PLAY MISTY FOR ME- Thurs Sept 19 at 9:30 for 7.50- Bow Tie Chelsea Cinema- A cheap screening of the 1971 film, Play Misty For Me. Sorry I don't have time to do the 7pm screening with an intro from Hedda Lettuce. The 9:30 is the best I can do. Starring Clint Eastwood in his directorial debut. If you know Fatal Attraction, you basically know the story. Do note that this film was the one of, if not the first to tell this kind of story in a thriller format, decades before other studios would do this kind of film ad nauseum. Eastwood is a DJ who has a brief fling with an obsessed fan (Arrested Development's Jessica Walter), who won't take no for an answer. Even when it's obvious that he's staying with his girlfriend (Knots Landing's Donna Mills), the stalker won't say no. 
 
Filmed in a gentle pace until things become intense, yet completed in a short amount of time (21 days) and under budget- hallmarks of Eastwood's direction. Think about it, could you imagine Fatal Attraction or Obsessed (the piece of shit version of this story with Beyonce and Ali Larter) take time away from the story to spend time at the Monterey Jazz Festival. But Clint made it work. Eastwood is a DJ who has a brief fling with an obsessed fan (Arrested Development's Jessica Walter), who won't take no for an answer. A few years ago, Lincoln Center did a Clint Eastwood-as-director retrospective. I'm sorry I only had the time to catch High Plains Drifter from the first half of his directorial career, having caught most of his films from Unforgiven on when they were first released. It's only a matter of time when another organization in NYC does a similar retrospective. Everything in this future retro springs from Play Misty for Me, so do try to catch this:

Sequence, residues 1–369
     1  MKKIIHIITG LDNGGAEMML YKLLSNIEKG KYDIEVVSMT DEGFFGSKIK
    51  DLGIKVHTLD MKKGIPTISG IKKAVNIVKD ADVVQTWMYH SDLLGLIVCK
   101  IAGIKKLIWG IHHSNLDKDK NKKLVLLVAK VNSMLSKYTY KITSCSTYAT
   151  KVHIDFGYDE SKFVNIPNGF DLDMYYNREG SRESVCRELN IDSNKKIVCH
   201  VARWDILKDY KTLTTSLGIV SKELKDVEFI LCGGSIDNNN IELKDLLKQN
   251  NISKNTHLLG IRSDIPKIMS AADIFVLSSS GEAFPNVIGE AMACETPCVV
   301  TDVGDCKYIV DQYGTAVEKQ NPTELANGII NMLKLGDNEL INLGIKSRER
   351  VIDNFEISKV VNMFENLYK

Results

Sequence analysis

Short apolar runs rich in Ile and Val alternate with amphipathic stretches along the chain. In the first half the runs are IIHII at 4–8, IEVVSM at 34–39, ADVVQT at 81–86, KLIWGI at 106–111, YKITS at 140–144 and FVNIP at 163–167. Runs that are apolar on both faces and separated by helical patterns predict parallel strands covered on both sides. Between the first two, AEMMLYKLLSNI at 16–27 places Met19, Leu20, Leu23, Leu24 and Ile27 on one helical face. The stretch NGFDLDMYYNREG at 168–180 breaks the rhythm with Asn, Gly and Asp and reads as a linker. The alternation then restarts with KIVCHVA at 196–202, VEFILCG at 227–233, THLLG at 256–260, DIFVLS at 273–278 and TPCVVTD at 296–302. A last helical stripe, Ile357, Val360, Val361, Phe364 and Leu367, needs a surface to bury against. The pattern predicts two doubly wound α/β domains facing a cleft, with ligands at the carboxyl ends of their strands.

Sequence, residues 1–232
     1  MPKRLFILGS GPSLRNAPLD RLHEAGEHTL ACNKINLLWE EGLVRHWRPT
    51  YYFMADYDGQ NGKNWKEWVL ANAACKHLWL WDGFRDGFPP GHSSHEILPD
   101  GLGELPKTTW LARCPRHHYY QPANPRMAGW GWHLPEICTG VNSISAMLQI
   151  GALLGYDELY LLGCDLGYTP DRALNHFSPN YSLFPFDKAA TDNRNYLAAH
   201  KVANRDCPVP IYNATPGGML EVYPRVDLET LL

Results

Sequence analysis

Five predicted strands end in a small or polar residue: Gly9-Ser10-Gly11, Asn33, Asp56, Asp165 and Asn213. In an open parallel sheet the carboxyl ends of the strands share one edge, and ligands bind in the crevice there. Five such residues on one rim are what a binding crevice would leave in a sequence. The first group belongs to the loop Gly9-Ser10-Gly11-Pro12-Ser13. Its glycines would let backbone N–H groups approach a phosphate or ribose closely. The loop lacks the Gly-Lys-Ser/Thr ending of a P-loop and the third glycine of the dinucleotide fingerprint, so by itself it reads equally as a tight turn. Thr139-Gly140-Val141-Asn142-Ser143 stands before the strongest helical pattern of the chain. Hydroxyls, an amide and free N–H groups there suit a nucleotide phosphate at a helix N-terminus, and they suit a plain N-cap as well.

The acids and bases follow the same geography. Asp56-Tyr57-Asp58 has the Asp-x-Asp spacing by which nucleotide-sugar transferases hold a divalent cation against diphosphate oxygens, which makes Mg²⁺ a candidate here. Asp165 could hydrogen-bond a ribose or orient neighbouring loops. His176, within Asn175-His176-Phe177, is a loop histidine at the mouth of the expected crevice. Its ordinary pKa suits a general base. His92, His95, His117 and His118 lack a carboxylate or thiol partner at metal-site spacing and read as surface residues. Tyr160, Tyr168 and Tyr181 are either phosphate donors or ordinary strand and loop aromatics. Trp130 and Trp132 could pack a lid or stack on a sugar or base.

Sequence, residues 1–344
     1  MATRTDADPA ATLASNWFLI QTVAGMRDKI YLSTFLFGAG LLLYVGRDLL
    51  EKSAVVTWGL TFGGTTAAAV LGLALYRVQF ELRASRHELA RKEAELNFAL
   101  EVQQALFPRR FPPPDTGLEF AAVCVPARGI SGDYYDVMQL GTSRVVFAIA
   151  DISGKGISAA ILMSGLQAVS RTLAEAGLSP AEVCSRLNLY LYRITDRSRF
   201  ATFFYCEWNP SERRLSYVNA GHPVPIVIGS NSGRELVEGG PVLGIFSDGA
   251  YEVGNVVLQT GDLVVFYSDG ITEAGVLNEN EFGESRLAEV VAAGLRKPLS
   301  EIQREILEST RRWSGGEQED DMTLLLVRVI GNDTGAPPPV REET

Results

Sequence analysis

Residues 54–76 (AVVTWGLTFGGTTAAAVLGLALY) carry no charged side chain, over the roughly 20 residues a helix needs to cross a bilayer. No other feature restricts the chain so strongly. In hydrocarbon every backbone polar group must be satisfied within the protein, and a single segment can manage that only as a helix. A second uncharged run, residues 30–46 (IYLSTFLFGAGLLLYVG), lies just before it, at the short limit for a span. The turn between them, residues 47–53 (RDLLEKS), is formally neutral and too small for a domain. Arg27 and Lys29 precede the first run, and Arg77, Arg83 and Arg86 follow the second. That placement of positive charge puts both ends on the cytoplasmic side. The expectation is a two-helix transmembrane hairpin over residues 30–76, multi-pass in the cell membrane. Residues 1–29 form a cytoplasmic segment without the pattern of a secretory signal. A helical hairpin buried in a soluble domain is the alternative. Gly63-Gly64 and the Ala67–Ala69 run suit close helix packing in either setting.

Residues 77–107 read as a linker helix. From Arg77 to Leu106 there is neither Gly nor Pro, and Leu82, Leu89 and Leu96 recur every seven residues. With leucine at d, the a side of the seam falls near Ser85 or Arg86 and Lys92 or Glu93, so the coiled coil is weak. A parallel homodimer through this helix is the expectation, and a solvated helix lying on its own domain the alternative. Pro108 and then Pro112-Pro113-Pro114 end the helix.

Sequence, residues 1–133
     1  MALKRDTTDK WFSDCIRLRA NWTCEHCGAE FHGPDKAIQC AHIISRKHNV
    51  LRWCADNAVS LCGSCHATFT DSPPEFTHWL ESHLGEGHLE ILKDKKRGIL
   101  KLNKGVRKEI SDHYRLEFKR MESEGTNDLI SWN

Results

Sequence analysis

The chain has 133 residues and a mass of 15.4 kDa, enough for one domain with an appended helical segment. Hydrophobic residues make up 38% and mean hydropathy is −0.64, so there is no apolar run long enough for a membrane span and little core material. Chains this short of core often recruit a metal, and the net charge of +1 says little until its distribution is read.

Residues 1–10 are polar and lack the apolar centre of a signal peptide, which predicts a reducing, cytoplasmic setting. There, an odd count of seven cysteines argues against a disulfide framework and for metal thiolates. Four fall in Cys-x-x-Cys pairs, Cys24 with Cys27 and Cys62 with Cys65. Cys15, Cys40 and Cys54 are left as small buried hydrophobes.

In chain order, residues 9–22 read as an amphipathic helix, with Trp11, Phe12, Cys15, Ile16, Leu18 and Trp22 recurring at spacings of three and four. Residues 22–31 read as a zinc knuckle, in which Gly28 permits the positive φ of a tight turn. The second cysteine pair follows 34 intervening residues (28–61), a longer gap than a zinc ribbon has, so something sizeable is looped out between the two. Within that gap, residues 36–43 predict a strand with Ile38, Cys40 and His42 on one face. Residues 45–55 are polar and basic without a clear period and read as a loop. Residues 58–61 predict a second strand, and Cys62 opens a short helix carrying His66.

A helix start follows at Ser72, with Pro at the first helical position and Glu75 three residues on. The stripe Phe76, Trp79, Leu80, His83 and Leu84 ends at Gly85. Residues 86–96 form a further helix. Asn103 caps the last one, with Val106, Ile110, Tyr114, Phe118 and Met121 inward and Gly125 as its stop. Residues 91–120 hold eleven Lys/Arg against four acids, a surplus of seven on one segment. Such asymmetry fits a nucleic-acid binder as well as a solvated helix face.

http://www.bowtiecinemas.com/movies/play-misty-for-me/   
 
Let me know if there's interest. Later all.